François Ozon’s “Summer of 85,” which hit the Jewish film festival circuit earlier this year, seems like a coup for any lineup: a sumptuous period piece that competed at Cannes and isn’t about the Holocaust should be opening night material. But what makes it Jewish?
The film, which comes to cinemas in New York and L.A. June 18, is certainly less Jewish than its nearest companion piece, “Call Me By Your Name,” another gay summer romance between a high school-aged kid and a slightly — but still unnervingly — older man. Going by the couple, it is at least half as Hebraic, with the younger man, Alex (Félix Lefebvre) a conspicuous gentile to the older David’s vague affiliation. In the early offing, the most notable traces of his Jewishness come from his creepy helicopter mom whose maternal rotors could whip up low tide on the coast of Normandy, where the film is shot in sun-dappled glory.
But if we trust Ozon, David Gorman, played by Benjamin Voisin with devil-may-care aplomb and a George Michael earring, is mainly Jewish for plot contrivance.
In a February interview, Ozon said that he made David Jewish to keep with the spirit of the film’s basis, Aidan Chambers’ 1982 young adult novel “Dance on My Grave,” which was set not in Normandy, but in the English town of Southend-on-Sea. There was also “a narrative reason, which has to do with Jewish post-mortem and funeral rituals,” Ozon added.
David, as the viewer gleans within the first few minutes courtesy of Alex’s narration, will die before our story ends. Because David needs to be buried quickly, Alex will have less time to grieve and process before he has to, as the novel’s title gives away, dance on his grave to fulfill an oath they made to each other.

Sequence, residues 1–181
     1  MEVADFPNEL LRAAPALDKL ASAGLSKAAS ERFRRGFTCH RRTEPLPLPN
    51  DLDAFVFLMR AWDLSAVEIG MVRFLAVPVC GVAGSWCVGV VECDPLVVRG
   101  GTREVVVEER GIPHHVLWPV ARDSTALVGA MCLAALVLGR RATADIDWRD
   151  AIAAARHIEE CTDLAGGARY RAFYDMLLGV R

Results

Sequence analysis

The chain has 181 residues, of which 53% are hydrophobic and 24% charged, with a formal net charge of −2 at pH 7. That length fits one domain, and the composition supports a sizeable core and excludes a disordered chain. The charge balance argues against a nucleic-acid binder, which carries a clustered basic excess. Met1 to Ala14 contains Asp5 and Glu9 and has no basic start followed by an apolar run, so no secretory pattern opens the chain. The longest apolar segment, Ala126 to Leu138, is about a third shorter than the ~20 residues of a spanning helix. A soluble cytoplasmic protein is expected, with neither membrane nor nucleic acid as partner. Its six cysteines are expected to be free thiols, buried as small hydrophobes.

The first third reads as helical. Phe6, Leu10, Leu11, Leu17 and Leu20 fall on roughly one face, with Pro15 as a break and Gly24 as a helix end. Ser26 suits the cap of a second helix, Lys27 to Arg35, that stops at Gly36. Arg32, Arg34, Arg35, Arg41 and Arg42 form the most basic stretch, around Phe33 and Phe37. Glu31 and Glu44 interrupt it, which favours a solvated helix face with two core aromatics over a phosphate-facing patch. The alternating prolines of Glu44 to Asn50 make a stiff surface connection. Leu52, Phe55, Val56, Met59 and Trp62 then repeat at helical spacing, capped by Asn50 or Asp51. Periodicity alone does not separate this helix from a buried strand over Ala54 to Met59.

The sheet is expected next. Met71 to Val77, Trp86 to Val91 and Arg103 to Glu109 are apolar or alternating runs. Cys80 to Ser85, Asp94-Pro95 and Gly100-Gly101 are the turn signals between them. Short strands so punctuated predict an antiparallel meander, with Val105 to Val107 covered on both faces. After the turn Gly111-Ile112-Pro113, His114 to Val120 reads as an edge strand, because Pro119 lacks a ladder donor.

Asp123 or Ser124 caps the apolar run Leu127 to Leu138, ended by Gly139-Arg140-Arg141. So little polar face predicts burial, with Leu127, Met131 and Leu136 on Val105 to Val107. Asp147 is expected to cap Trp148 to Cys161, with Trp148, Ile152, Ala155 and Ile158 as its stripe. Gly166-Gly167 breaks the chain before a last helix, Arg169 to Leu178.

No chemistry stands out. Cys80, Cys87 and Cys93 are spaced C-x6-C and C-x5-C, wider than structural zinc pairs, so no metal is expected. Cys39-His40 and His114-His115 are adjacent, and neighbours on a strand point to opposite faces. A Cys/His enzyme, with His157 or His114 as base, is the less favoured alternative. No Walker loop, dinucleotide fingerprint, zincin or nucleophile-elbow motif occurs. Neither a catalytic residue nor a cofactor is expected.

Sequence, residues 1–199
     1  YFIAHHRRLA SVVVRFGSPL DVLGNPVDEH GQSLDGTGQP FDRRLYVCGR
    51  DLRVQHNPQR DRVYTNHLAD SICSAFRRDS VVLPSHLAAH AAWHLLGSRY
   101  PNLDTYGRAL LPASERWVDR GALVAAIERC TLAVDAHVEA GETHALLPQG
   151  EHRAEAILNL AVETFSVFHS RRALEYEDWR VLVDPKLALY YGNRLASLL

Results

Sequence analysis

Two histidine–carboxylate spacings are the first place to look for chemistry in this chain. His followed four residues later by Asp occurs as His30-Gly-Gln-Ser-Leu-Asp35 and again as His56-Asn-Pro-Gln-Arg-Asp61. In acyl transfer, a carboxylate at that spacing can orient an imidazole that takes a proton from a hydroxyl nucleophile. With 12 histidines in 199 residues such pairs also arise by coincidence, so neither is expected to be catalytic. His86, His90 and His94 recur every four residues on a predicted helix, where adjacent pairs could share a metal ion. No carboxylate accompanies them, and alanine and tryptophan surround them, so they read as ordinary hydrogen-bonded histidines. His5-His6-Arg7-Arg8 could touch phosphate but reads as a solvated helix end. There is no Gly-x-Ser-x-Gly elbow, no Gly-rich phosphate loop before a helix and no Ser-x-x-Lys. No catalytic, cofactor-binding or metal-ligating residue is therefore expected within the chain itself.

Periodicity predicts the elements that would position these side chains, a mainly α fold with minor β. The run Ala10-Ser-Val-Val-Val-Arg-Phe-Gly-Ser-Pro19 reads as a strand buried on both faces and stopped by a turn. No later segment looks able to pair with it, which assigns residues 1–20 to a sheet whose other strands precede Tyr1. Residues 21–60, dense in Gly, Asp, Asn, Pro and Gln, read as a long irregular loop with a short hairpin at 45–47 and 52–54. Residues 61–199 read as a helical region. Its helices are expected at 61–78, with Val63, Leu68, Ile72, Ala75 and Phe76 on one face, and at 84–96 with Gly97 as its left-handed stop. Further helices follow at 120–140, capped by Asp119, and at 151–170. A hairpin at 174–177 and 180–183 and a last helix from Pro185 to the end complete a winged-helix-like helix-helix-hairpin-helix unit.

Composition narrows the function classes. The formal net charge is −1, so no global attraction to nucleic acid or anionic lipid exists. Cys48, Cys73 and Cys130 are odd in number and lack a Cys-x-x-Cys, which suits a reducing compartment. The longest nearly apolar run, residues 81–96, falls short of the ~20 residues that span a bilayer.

“I like the fact that it is never an issue,” Ozon said of David’s Jewishness. “Just like being gay, it belongs to the narrative just like its other parts.”
To Ozon’s credit, it might not distract a typical viewer from the gauzy cinematography or the soaring use of Rod Stewart’s “Sailing” (here filling the place of Sufjan Stevens’ original songs for “Call Me By Your Name”). But maybe it should have been a bigger issue — at least when transported from the novel’s Jewish enclave to an area with scarcely any Jews and a complicated Jewish past.
Did David’s parents — we learn from a headstone that his father was born in the late 30s — live in Occupied France as children? Were they refugees from somewhere else? Could that experience shape how we perceive Madame Gorman, not as ghoulish, but as a woman with her own trauma and reasons for keeping David close.
It makes for an interesting subtext, but I don’t think it’s what Ozon intended. Elsewhere, he’s not big on nuance. “Summer of 85” begins with a capsized boat. (David rescues Alex.) It involves an almost farcical episode of Alex in drag. David monologues about chasing a “bubble” of speed on his motorcycle and, when David dies (guess how), an English au pair tells Alex that he just “loved the idea of David.”
If comparisons must be made to “Call Me By Your Name” — and despite a working class edge and an older source material, it’s so close in places that Ozon’s inviting them — even the premise of David and Alex’s intimacy is too on the nose. The trite pledge to dance on a grave versus the enigmatic pact to swap names bespeaks its larger issue with depth.
Taken on its own terms, “Summer of 85” is tidy in a way love seldom is, and a way Jewish identity never is.
What if ‘Call Me By Your Name’ was French?